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Is there a size limit to QM?

  1. Jun 9, 2012 #1
    Is there a maximum size an object can have above which it won't follow the laws of quantum mechanics anymore? e.g. could the double slit experiment in theory work with macroscopic objects?
     
  2. jcsd
  3. Jun 9, 2012 #2

    Vanadium 50

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    Quantum mechanics always works, but you will have a hard time building a 100 micron slit that will pass a 10 ton truck.
     
  4. Jun 9, 2012 #3

    you ask, when loses the linearity ? macroscopic object superposition, where is the limit ?

    maybe at 10 14 atoms.
     
  5. Jun 9, 2012 #4
    Although I have yet to find an explanation of the double slit issue from QM, the interference pattern effect does continue for larger objects, but the effect diminishes as the objects get larger. Buckyballs have been used and they produced a very tiny but distinguishable interference pattern effect (or so they tell me).
     
  6. Jun 9, 2012 #5
    actual limit, 430 atom molecule interference.
     
  7. Jun 9, 2012 #6
    i dont think theres a limit. Only the limit on what you can observe. The bigger the object the closer the wave function gets to 1, where 1 is a single state, but as i understand no object actually reaches 1. But reaches close enough to 1 that you will only see a single state unless you observe for more time than the universe is likely to exist.
     
  8. Jun 9, 2012 #7
    As others said, QM applies at all scales; however, as objects become larger, heavier and
    more complex, they tend to interact more intensely with their environment, in a way that
    tends to destroy many of the typical quantum mechanical effects, like interference.

    Look up 'environmentally induced decoherence' for a more in-depth explanation for this
    phenomenon.
     
  9. Jun 9, 2012 #8
    Here's an post of mine (from a previous thread) that you may find interesting:
     
  10. Jun 9, 2012 #9
    i say actual experimental limit.

    there are planned experiments on bigger objects, that way they test quantum mechanics versus macro-realistic theories (if macroscopic objects obey macrorealism, or whether QM prevails).
     
    Last edited: Jun 9, 2012
  11. Jun 9, 2012 #10
    not proved yet.
     
    Last edited: Jun 9, 2012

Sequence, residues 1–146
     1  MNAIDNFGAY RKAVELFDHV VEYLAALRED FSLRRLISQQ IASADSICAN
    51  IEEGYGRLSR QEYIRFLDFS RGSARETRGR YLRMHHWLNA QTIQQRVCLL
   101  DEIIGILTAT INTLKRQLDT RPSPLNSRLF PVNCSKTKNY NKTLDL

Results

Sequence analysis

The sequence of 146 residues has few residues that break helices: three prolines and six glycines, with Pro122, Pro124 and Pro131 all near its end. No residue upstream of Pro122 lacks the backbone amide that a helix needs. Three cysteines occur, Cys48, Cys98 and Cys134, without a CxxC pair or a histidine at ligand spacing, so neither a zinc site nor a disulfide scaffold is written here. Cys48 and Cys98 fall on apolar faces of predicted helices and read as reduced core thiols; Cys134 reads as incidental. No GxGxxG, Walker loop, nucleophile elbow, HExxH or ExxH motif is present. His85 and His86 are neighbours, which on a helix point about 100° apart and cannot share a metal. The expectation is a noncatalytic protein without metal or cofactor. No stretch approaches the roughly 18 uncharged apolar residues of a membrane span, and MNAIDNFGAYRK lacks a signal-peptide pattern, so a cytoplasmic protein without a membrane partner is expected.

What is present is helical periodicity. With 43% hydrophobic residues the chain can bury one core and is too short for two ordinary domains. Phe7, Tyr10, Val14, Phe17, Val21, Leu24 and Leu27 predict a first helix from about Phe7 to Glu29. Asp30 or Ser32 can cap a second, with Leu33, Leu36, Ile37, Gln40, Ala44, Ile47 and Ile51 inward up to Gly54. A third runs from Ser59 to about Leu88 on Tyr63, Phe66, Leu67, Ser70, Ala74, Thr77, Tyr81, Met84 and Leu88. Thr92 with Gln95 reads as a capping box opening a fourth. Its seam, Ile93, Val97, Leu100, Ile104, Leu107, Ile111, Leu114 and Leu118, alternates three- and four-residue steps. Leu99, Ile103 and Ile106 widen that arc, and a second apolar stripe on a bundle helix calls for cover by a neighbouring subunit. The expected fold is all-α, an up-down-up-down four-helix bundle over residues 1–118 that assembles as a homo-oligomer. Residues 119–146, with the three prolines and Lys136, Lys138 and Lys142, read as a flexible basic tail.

12. Jun 9, 2012 #11

    Vanadium 50

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    Of course it was - way back in the 20's, or possibly 30's. These are called correspondence theorems, and they demonstrate that the predictions of quantum mechanics approach those for classical mechanics as systems get large. Paul Ehrenfest did a lot of work on these.
     
  13. Jun 10, 2012 #12
    but the maths doesnt exclude it.
     
  14. Jun 10, 2012 #13
    You're right about the correspondence theorems, but those don't really describe the emergence of classicality from quantum theory. In fact, that emergence is still considered a mostly unsolved problem (despite all the advances in decoherence theory and related subjects).

    Ehrenfest's theorem and other correspondence theorems only show that it is sensible to assume that classical behavior can be generated by quantum systems, in one way or another. That mostly refers to classical trajectories of certain quantities. But for explaining real classical behavior you have to explain the lack of interference (decoherence, in the 70s and 80s mostly) and the the uniqueness of classical properties (i.e. the measurement problem)

    While the lack of interference is understood quite well, the measurement problem is still not understood fundamentally.
     
  15. Jun 10, 2012 #14

    mfb

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    Quantum behavior was observed with oscillating cantilevers of ~50µm size - big enough to be visible by eye (but not during the experiment, of course, as the required light would disturb it).
    It is just an experimental limit, and the limit becomes bigger and bigger.
     
  16. Jun 10, 2012 #15
    I can't wait until a proper test is done on the Leggett-Garg inequality. I know somewhere (might be the US), there is a plan to put a 40kg mirror into superposition.
     
  17. Jun 11, 2012 #16
    Right stevie

    this one with a kg mirror.
    The LIGO Science Collaboration Experiment, New J. Phys. 11 073032 2009.



    -----
    Large Quantum Superpositions and Interference of Massive Nanometer-Sized Objects
    O. Romero-Isart, A. C. Pflanzer, F. Blaser, R. Kaltenbaek, N. Kiesel, M. Aspelmeyer, J. I. Cirac
    6 Jun 2011.

    ...this includes experiments in a hitherto unachieved parameter regime where collapse theories predict quantum mechanics to fail, or even more general tests of quantum theory against full classes of macrorealistic theories...
    ...we shall discuss the application of using this experiment to test theories beyond quantum mechanics that provide an objective collapse of the wavefunction for sufficiently large objects.....



    ------
    http://arxiv.org/PS_cache/arxiv/pdf/1103/1103.1236v1.pdf [Broken]

    ...Another motivation to consider the possibility that quantum physics is only an approximation to a deeper underlying theory...

    .
     
    Last edited by a moderator: May 6, 2017
  18. Jun 12, 2012 #17
    If you're curious, here's an experiment from 2002 which does just that: Matter-wave interferometer for large molecules.

    And here's one from 2011 using molecules made up of 430 atoms: Quantum interference of large organic molecules.
    I think that's what yoda jedi was talking about.

    It looks like experimentalists are in a long-term race to see who can send the biggest object through a beamsplitter and still show de Broglie interference.:biggrin:
     
  19. Jun 18, 2012 #18
    Last edited by a moderator: May 6, 2017
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